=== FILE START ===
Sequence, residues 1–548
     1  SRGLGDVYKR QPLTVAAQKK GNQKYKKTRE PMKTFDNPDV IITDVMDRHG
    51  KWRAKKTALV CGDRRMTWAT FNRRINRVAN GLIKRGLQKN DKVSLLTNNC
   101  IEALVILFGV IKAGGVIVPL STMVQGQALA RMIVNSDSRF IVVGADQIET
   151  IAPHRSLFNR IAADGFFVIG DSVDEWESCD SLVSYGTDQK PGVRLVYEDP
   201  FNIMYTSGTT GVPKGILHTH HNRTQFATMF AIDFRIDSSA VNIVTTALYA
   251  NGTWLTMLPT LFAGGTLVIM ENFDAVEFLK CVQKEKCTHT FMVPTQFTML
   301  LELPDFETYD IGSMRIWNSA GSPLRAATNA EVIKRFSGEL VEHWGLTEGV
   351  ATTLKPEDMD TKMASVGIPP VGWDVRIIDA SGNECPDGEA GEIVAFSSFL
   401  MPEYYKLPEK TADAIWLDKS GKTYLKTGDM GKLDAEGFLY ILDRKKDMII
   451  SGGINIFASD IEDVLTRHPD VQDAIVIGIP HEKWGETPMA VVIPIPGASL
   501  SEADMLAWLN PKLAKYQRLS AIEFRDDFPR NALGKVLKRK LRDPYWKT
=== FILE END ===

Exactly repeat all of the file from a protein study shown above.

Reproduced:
Sequence, residues 1–548
     1  SRGLGDVYKR QPLTVAAQKK GNQKYKKTRE PMKTFDNPDV IITDVMDRHG
    51  KWRAKKTALV CGDRRMTWAT FNRRINRVAN GLIKRGLQKN DKVSLLTNNC
   101  IEALVILFGV IKAGGVIVPL STMVQGQALA RMIVNSDSRF IVVGADQIET
   151  IAPHRSLFNR IAADGFFVIG DSVDEWESCD SLVSYGTDQK PGVRLVYEDP
   201  FNIMYTSGTT GVPKGILHTH HNRTQFATMF AIDFRIDSSA VNIVTTALYA
   251  NGTWLTMLPT LFAGGTLVIM ENFDAVEFLK CVQKEKCTHT FMVPTQFTML
   301  LELPDFETYD IGSMRIWNSA GSPLRAATNA EVIKRFSGEL VEHWGLTEGV
   351  ATTLKPEDMD TKMASVGIPP VGWDVRIIDA SGNECPDGEA GEIVAFSSFL
   401  MPEYYKLPEK TADAIWLDKS GKTYLKTGDM GKLDAEGFLY ILDRKKDMII
   451  SGGINIFASD IEDVLTRHPD VQDAIVIGIP HEKWGETPMA VVIPIPGASL
   501  SEADMLAWLN PKLAKYQRLS AIEFRDDFPR NALGKVLKRK LRDPYWKT